A player mat. This one represents the 'Travel Agent' character. Most of the mat, which measures about 3 inches by 6 inches, is taken up with the character's quote and special ability. The upper left corner has the art, a portrait of the character, which resembles a female orc in standard witch's clothing. Along the bottom are six spaces, each with a different number of crates marked on them, from one crate in the space on the left to six crates on the space to the right. A red meeple sits on the character portrait. Three square wooden tokens sit on the 'two crates' space: a blue, a grey, and a brown. The brown one, on top, has a sticker to indicate that it represents wood. A red token with a sticker showing a cow and a pig, sits beside the board.

This limits the amount of components needed to play the game, as well as keeping costs down. Furthermore, the central play mat has a similar track, but instead of showing how many of each commodity there are, it shows the current market value for each one.

A track of eight spaces in a sideways U shape. The top four have arrows indicating that pieces move from left to right. The top left spaces is marked with 2+, the next with 3+, then 4+, and the top right space is marked with 5+. All four spaces on the bottom are marked with a ship, and have arrows indicating that pieces move from right to left. The bottom left is labelled $2, the next one is $3, then $4, and the bottom right is marked $5. An arrow on the left indicates that a piece on the bottom left moves to the space on the top left. Currently, the 2+ space has the grey stone token, the 3+ space has the brown wood token, the 4+ space has the red cow and pig token, and the 5+ space has the blue fish token.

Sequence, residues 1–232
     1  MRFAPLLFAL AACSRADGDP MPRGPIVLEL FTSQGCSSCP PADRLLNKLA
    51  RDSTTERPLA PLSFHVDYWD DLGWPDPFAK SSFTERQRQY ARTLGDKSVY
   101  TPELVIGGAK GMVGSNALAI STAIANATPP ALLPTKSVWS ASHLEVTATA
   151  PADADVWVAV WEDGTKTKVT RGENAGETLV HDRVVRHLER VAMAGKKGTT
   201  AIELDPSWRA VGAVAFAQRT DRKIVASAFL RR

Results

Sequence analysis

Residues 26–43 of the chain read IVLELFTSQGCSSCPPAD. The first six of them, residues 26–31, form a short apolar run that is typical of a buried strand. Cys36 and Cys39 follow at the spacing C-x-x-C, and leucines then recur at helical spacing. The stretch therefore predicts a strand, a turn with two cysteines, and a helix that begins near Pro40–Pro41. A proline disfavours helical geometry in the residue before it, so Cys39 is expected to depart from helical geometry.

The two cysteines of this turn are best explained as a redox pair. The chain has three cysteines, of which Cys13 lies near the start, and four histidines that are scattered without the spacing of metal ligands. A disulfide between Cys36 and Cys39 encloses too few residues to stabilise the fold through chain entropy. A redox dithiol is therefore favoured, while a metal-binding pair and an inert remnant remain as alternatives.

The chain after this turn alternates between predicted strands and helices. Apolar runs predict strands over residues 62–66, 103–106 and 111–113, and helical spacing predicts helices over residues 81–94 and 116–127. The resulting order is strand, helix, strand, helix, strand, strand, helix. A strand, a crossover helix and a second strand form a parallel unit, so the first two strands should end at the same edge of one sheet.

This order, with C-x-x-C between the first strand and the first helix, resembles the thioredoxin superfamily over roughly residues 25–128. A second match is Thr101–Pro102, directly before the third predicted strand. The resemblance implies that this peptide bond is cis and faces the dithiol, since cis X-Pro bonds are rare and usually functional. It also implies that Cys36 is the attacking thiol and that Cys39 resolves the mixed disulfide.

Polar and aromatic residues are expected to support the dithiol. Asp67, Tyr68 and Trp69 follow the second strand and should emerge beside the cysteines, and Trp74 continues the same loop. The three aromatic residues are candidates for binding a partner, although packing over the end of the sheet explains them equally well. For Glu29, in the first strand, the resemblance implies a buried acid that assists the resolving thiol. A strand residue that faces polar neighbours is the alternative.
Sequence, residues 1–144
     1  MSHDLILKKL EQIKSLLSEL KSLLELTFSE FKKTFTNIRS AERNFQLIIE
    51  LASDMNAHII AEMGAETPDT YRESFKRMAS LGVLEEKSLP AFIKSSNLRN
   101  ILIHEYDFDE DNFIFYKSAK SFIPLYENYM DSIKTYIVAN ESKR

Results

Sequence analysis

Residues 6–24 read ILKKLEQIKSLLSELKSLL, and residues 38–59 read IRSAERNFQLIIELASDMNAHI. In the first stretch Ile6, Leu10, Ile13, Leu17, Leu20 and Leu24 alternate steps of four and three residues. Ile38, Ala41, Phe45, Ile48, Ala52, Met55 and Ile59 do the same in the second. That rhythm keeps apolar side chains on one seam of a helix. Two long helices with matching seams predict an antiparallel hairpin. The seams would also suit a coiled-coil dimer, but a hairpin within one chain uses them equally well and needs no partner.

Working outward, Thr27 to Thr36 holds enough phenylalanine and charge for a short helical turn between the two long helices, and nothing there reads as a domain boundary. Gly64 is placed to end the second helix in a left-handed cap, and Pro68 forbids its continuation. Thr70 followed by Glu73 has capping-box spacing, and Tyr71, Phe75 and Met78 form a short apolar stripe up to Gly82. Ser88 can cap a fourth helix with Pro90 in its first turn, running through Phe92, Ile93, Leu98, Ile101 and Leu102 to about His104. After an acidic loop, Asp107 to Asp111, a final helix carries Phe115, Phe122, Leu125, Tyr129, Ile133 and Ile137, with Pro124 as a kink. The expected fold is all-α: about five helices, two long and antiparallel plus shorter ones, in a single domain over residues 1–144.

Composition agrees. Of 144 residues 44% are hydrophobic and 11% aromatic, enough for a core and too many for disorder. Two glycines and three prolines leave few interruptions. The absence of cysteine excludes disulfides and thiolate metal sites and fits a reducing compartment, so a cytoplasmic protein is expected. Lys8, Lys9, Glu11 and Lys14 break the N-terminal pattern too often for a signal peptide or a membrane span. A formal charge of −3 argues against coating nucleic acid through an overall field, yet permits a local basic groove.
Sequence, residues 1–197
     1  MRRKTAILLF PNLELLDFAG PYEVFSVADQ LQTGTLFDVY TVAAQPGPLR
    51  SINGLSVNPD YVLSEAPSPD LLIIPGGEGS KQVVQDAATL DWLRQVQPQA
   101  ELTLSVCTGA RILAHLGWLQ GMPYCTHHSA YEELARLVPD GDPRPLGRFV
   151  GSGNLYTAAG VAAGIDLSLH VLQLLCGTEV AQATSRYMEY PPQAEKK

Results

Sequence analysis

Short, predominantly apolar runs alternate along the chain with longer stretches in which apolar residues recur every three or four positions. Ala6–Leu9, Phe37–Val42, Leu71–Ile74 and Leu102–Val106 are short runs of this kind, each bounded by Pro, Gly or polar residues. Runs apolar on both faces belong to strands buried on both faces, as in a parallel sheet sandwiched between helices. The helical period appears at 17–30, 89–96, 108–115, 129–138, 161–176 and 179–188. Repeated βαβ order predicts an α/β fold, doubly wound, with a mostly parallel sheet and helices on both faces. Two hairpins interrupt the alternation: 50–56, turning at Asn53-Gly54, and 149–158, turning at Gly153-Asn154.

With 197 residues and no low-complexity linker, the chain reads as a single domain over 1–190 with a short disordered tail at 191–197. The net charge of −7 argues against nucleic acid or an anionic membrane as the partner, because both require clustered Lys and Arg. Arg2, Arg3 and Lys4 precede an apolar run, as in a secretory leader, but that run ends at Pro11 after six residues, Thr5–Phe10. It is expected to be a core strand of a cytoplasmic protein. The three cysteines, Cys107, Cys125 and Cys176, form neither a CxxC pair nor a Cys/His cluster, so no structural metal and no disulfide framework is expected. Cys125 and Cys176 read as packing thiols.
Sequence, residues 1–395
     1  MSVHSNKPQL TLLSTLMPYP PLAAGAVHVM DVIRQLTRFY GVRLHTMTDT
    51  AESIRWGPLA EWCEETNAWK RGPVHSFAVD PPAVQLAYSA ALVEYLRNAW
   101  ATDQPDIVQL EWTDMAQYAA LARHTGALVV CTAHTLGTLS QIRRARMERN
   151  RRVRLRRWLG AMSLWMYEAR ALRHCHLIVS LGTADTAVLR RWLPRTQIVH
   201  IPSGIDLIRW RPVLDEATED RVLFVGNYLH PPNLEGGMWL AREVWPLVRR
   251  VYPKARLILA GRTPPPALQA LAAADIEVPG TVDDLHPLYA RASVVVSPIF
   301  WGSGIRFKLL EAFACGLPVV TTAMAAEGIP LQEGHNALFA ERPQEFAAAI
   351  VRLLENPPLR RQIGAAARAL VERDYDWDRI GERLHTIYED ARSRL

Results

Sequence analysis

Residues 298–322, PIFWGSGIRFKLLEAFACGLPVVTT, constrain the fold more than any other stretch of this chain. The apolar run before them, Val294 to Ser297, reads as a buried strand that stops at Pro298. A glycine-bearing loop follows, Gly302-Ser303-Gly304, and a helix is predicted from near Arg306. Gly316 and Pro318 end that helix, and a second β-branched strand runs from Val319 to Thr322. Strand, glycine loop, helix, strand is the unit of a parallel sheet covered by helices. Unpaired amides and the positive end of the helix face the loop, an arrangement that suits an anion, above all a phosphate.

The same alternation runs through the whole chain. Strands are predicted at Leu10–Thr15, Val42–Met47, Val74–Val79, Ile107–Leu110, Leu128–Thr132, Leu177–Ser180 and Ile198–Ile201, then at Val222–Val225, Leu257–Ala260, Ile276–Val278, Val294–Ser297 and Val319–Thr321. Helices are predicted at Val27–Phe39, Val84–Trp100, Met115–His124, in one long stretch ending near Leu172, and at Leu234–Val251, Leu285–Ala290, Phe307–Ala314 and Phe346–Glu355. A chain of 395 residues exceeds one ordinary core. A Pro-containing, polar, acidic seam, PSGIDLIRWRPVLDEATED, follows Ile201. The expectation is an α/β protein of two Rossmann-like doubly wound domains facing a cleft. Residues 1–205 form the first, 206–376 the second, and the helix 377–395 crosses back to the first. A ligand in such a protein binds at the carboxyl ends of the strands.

When a player sells goods, he moves the token on this central play mat down to the ship space below it. This grants that player the appropriate amount of money. For example, in the photo above, selling fish would grant that player $5, whereas selling stone would only grant him $2. Goods are not sold on a cost-per-unit basis; that is, selling two stone does not grant you $2 per unit of stone sold. Instead, you gain that amount of money for your entire supply of stone. You must have at least the amount indicated on the play mat to sell that item. In other words, in the photo above, you have to have at least two stone to sell it at all. Having more does not grant you any benefit; if you currently have six stone and you choose to sell it, you lose all of your stone and still only get $2.